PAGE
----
Using Voltage to Detect Insulation Defects

Here are some guidelines for using voltage to find insulation problems.

Test SituationRecommendation

When air gaps between conductors can be less than 0.1"

High-voltage breakdown testing is appropriate when air gaps of less than 0.1 inches can occur between conductors. The testing often needs to be done above 500 volts to really be helpful.

Voltage must be more than 50 volts to be useful

Testing at less than 50 volts can detect leakage or contamination, but the low test voltage generally does not detect common insulation breakdown between conductors.

Test at voltages above the rated working voltage

Brief high-voltage testing at three times the rated voltage of cable assemblies and wire harnesses has not been known to damage or degrade insulation. A common aerospace guideline is to test at two times the operating voltage plus 1000 volts.

Insulation resistance testing

Testing High-voltage Insulation Resistance (IR) is often needed when the cabling is used for sensitive low-power signals.

AC testing

High-voltage AC tests for large assemblies can create a shock hazard. For this reason, and also because of slower test speed and higher cost, it is not as popular as DC testing. In some circumstances, AC testing detects problems not found with DC tests, particularly when used with long application times. AC tests are known to degrade PVC insulation. When using a DC test to replace an AC test, raise the voltage by at least 40 percent (1.414 RMS multiplier).

Shock hazard

High-voltage DC tests of cables shorter than 500 ft. do not need to be a shock hazard. A tester designed to test larger assemblies at higher currents can still be a hazard with wrong settings or if it malfunctions. IEC479-1 and EN61010-1:1993 specify a non-hazardous energy source as being less than 45 micro coulombs (this is 45 / 1500 = .03 micro-farads at 1500 VDC). This limit includes energy from both the tester and the assembly under test.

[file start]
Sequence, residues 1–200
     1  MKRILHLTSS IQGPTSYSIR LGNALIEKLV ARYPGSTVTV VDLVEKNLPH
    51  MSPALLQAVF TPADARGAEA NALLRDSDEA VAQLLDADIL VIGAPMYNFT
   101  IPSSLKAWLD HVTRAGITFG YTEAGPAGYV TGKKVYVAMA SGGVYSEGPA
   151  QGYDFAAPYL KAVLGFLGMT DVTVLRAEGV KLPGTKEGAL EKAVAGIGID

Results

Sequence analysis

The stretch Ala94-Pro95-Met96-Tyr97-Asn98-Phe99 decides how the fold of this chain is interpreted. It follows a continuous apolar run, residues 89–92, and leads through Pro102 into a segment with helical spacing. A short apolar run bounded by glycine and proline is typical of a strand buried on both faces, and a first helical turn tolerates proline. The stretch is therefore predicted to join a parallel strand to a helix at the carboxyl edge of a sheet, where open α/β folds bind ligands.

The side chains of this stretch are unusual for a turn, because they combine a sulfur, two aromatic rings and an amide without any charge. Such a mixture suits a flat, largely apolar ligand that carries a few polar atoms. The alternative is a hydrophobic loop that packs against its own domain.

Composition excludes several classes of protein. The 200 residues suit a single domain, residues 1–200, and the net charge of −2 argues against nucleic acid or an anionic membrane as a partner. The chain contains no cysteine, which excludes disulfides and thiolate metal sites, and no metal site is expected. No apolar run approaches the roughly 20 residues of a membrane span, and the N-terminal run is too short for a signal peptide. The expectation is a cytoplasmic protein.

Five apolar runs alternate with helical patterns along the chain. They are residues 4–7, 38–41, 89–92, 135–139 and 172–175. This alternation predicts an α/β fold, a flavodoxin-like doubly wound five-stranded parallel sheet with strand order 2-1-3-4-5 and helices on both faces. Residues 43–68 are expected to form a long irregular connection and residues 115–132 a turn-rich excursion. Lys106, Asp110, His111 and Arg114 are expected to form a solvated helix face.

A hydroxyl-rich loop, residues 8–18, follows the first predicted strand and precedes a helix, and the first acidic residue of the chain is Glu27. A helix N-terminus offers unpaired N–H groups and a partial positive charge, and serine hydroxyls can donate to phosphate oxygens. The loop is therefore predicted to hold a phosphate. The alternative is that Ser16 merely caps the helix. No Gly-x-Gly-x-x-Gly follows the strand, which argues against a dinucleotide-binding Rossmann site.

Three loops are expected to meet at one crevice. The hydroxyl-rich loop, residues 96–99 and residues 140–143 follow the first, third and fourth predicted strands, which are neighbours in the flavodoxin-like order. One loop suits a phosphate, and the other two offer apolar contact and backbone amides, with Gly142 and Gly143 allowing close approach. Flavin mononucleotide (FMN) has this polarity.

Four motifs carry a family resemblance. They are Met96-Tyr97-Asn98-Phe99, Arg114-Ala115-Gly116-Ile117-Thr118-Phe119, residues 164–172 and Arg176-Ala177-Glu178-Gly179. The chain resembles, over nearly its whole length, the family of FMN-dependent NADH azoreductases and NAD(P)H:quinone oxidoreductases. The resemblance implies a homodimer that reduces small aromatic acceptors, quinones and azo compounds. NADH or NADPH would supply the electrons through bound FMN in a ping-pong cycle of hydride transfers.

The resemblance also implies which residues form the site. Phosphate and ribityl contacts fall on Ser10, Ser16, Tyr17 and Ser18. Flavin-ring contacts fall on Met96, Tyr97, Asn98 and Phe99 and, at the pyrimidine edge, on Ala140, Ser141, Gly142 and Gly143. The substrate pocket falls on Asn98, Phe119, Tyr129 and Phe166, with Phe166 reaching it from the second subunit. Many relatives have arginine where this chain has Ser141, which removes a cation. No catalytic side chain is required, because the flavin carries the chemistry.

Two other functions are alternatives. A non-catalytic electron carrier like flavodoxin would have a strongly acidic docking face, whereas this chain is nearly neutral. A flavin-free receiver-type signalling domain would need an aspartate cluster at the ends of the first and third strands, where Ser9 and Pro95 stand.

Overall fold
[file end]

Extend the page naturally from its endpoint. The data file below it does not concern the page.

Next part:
Which wires require testing

Test voltages must be applied between all relevant combinations of wires, including shields, to test insulation.

Voltage ramp rate in DC testing

Controlling the voltage ramp rate is a common way to limit the current needed to bring each wire up to the hipot voltage. A modern hipot tester can limit the inrush current and detect failures as the voltage is rising which makes the ramp rate specification unnecessary.

Burning out shorts and arcing

A high-voltage test that allows high currents causing visible arcing that burns out a short and then passes the wired assembly as good, cannot be relied upon for defect removal because carbon tracks and potential insulation damage may occur.

Voltage accuracy

Voltage accuracy must be within 10 percent or a higher voltage setting must be used that assures testing to within 10 percent of the specified test voltage.

Finding stray strands

High-voltage testing, unless done at many thousands of volts, does not detect stray strands unless they are within .050 of an inch of another conductor/contact.